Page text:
Another Kind of American History in Chongqing, 1: Prologue

by Xujun Eberlein

In the summer of 1987, my future husband, Bob, cycled across China -- I think he was the first American who did that -- as he came to meet me in Chongqing. As a yet-to-be-betrothed daughter, I lived with my parents, because an unmarried person was ineligible for an apartment. My parents, who had both been underground Communists in the late 1940s and active protesters against America in the post-WWII years, were shocked to see an American with a bike on his shoulder walking through the door of our 4th floor apartment. At the time, either a bike or a foreigner was a rare sight in Chongqing the inland mountain city. Across China, Westerners had only recently -- and guardedly -- been allowed to travel about, provided that they did not break the country's often invisible rules or court its untainted women.

My parents, temporarily held back by their traditional hospitality for guests (I told them Bob was my teacher at graduate school), tolerated Bob the American visitor for one day. The second day, my father could no longer bear his discomfort and ordered Bob to depart. Before laying down the law, he suggested Bob visit SACO - 中美合作所 (Zhong-Mei hezuosuo), on Gele Mountain in the western part of Chonqging.

"What is SACO?" Bob asked. I was very surprised. Having never set foot outside China, I thought every American knew the name SACO ("Sino-American Cooperative Organization"), just as every Chinese knew the name "Zhong-Mei hezuosuo."

I told Bob what I had known since elementary school: SACO was an American-operated concentration camp that tortured and killed underground Communists in the 1940s. It had two prisons, one called Refuse Pit, another Bai Mansion. The name of SACO's American co-director was Milton Miles, a US Navy official, and its Chinese director was Dai Li, the head of the Nationalist secret services (called euphemistically the Military Statistics Bureau, or "Juntong"). Dai Li was known to my parents and their Communist comrades as "China's Himmler."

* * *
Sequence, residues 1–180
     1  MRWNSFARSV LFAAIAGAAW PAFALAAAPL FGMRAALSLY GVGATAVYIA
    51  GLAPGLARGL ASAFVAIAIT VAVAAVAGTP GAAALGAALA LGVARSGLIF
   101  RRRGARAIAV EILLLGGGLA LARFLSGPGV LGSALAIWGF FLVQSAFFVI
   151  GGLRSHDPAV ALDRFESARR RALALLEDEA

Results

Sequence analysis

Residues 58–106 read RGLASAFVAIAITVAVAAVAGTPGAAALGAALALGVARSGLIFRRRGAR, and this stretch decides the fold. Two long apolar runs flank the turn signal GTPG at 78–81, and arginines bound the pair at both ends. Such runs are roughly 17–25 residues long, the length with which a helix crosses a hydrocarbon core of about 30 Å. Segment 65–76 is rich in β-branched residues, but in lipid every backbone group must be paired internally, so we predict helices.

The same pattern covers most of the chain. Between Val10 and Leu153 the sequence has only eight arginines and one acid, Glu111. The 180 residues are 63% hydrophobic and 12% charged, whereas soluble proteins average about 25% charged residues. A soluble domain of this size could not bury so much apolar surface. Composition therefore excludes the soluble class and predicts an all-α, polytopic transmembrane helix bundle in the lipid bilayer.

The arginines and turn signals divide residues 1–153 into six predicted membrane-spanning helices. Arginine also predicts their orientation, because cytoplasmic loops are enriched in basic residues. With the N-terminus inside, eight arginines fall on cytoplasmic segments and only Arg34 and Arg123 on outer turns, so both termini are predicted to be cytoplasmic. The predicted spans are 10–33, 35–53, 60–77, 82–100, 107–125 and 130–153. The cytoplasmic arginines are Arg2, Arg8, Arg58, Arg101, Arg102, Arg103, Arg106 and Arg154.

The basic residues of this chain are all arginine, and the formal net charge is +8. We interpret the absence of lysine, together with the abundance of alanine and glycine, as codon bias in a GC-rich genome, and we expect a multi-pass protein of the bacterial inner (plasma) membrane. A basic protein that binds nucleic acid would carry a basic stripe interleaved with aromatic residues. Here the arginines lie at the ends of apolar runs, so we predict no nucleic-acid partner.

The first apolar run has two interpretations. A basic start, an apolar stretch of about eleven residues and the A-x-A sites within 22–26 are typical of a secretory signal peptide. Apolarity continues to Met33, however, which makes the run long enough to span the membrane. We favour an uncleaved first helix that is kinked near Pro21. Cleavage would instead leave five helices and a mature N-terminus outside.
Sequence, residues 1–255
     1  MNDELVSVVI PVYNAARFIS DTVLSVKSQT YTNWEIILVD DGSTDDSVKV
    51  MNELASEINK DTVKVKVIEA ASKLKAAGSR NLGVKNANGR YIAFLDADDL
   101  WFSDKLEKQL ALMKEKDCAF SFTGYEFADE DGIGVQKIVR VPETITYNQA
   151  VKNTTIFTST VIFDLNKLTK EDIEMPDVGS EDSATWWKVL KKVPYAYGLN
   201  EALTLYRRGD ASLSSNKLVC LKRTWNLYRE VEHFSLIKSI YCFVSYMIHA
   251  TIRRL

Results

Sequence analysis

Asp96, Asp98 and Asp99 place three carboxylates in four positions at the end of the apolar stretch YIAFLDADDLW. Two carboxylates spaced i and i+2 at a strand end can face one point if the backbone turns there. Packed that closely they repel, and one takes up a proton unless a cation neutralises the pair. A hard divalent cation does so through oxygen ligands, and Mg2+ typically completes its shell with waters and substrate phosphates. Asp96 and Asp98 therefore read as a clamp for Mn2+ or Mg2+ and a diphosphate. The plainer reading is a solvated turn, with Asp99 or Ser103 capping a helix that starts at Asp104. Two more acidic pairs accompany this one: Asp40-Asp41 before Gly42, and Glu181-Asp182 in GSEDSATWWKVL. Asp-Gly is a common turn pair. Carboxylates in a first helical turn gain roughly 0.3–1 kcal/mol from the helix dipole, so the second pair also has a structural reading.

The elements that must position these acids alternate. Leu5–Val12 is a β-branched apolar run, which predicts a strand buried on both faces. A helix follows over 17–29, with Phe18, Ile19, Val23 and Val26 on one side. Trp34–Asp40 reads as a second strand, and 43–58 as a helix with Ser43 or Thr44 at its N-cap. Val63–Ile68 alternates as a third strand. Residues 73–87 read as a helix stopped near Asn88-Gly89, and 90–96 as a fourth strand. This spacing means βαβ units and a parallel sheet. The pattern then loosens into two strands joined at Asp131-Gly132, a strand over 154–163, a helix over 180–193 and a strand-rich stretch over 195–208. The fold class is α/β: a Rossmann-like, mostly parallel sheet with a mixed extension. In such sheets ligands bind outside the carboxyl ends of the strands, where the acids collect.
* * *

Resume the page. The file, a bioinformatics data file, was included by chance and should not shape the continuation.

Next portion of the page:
Bob, largely apolitical, was hardly interested. If anything, he dismissed the notion of an "American-run concentration camp" as a myth. MIT-educated, he had done some reading on Sino-American history before traveling to China in early 1987, but had never heard of such a thing.

Though I had no desire to have Bob visit the SACO site, and was unhappy about my father's intent to instill guilt in an American, Bob's dismissal put me in a mood to argue. "This one is real," I said. I had seen, in the SACO museum, handcuffs marked "Made in USA," and pictures of the dead bodies wearing them. My statement was not ideologically based (in fact, I had gotten into political trouble for my dissident thoughts and writing in the early 1980s), but history is history, or so I thought. Bob barely shrugged, unconvinced yet with no desire to argue.

In retrospect, Bob was the first person I know to counter the mainland Chinese notion of SACO's history, albeit intuitively (and with an American bias). He did later speculate that, if there were actually such a graphic concentration camp in China operated by Americans, the ubiquitous US journalists wouldn't have foregone a Pulitzer-winning opportunity to expose it, ergo SACO would already have been public knowledge in the US.